Muxía is all sea

Muxía was born thanks to the authorisation from the monks at the Monastery of Moraime (11th century), although little by little it became independent and built up its own life by making the most of the closest resource – the sea.

The first houses in this fishing town were built under the shelter of Mount Corpiño and close to The Boats beach (praia das Lanchas) to protect them from the wind, above all the northeaster, which blows ruthlessly over the peninsula.

Moraime, the monastry of the sea

The site where the church of Moraime stands, as we are told by anthropologist Manuel Vilar, was inhabited from the Bronze Age – a tomb is preserved from this time. The first glorious age came during the Roman settlement, when it became a vila. Its excellent situation by the sea, but at the same time sheltered and not easily visible – thereby avoiding enemy attacks – favoured the development of a significant commercial centre, also due to good maritime communications.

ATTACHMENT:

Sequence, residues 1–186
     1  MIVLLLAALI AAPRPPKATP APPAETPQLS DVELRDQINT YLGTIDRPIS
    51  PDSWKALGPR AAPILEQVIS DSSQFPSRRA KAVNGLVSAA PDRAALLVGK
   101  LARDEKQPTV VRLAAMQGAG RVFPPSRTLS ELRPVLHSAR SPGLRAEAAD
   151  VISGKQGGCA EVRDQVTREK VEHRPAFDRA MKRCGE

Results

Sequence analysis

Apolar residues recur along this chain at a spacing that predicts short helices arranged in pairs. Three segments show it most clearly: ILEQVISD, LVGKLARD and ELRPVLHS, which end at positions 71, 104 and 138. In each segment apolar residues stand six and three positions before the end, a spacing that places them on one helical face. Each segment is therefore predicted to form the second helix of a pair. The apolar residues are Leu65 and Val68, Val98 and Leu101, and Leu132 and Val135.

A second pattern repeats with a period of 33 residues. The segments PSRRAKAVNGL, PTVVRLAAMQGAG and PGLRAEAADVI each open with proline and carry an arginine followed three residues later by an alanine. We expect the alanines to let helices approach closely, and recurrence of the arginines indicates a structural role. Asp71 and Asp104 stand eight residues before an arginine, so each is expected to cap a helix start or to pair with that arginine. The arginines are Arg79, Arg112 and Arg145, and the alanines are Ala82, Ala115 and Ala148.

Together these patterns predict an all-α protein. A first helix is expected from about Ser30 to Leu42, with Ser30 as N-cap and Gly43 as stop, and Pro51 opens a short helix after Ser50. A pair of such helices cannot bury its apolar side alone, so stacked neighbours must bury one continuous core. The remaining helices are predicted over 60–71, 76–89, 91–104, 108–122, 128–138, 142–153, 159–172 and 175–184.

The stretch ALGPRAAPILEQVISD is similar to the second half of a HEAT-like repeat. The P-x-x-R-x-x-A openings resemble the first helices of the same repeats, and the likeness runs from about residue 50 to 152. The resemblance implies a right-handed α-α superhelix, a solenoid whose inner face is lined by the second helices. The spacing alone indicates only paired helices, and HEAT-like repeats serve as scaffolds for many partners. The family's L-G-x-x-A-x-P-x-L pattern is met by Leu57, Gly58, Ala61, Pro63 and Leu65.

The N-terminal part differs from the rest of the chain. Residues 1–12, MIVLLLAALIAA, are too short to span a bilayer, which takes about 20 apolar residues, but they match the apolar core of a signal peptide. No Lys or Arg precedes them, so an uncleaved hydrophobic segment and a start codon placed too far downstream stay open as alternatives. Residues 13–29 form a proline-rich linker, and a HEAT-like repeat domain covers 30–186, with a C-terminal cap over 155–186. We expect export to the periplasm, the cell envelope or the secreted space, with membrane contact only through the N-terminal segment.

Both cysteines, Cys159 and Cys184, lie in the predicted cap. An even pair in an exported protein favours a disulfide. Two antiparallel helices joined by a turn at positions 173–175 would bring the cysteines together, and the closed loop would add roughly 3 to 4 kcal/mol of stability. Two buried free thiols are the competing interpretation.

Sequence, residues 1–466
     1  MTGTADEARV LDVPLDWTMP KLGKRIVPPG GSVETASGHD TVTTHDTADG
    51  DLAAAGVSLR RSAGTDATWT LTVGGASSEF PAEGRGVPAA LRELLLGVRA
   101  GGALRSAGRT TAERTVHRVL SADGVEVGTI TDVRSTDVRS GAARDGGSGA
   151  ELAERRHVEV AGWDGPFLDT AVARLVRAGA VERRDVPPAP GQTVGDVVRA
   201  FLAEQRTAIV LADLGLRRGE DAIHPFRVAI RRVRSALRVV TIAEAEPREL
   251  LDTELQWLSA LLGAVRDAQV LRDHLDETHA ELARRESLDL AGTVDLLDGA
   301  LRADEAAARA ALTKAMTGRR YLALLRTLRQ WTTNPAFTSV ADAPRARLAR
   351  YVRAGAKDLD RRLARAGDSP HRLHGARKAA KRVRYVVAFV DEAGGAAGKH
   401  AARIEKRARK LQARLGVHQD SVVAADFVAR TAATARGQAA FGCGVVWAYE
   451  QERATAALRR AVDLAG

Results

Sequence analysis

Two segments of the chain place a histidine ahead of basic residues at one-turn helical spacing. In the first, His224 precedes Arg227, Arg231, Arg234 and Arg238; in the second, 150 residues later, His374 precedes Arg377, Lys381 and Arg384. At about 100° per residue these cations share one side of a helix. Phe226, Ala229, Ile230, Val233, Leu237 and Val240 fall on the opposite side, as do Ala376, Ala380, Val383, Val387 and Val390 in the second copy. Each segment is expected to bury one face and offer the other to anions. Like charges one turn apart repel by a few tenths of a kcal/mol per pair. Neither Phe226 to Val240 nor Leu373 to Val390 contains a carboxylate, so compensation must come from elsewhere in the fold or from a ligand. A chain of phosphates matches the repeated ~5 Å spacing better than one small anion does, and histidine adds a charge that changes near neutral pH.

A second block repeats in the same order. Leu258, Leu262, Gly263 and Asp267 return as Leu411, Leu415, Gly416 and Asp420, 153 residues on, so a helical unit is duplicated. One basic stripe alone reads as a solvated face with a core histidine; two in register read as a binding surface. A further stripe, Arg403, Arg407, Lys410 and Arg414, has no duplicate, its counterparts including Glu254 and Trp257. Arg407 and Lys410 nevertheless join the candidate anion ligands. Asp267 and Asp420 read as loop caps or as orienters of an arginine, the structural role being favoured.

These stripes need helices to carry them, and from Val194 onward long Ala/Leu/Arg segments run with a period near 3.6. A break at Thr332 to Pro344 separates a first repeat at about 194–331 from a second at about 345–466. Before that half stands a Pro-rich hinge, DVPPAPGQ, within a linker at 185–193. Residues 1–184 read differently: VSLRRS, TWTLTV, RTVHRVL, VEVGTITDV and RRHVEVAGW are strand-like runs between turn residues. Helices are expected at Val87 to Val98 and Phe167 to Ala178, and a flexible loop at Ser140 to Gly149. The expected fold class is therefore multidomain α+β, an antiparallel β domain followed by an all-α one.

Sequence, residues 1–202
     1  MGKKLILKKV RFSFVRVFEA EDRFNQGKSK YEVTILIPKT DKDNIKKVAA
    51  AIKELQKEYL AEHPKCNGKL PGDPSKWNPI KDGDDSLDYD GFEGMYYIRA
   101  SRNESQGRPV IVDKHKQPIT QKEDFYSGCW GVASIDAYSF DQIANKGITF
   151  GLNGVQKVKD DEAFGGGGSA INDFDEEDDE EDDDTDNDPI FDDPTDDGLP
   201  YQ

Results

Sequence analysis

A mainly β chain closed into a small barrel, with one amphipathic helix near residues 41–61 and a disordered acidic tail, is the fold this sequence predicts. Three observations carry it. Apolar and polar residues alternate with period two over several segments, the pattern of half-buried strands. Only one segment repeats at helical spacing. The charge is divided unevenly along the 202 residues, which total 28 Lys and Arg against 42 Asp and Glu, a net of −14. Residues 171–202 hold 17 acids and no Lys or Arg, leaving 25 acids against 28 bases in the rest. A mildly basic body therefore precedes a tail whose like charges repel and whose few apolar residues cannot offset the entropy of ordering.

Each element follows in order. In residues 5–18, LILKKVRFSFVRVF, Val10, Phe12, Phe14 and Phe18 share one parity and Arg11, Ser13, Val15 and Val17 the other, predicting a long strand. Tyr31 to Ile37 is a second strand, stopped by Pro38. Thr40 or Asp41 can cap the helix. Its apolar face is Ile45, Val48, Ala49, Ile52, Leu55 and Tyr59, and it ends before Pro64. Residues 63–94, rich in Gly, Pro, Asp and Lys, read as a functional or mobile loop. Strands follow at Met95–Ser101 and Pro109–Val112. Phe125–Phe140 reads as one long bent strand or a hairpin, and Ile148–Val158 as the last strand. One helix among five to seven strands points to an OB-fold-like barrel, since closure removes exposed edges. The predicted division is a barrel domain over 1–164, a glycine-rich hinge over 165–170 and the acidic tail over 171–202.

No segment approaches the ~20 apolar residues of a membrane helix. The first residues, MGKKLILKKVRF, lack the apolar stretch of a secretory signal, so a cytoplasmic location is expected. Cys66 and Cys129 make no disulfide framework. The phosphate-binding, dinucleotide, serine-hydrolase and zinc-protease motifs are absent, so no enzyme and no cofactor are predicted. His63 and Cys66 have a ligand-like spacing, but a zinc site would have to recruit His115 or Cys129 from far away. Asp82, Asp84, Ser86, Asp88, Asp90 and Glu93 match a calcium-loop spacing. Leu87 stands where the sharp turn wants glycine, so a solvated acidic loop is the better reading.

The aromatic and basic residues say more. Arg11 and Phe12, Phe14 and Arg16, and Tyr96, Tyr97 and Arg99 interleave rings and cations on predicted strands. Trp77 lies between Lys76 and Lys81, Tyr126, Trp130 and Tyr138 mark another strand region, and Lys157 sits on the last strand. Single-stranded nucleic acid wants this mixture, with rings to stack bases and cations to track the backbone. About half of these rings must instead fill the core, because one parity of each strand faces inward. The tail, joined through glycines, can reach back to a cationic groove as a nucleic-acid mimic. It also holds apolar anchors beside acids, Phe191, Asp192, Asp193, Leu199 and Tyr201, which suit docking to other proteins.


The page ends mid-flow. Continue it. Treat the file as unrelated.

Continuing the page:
After the presence of a Germanic people, a Benedictine community exercised its jurisdictional power over the town and the Land of Nemancos (from Fisterra to Vimianzo) from Moraime from the 11th to the 13th centuries. Apart from authorising the occupation of what would become the town of Muxía, “the monks decided to create the shrine of A Barca and its legend, to endow the land they controlled with prestige”, according to Vilar Álvarez, who also wrote the study entitled “Moraime. El tesoro escondido de la Costa da Morte” (Moraime, the hidden treasure of the Death Coast).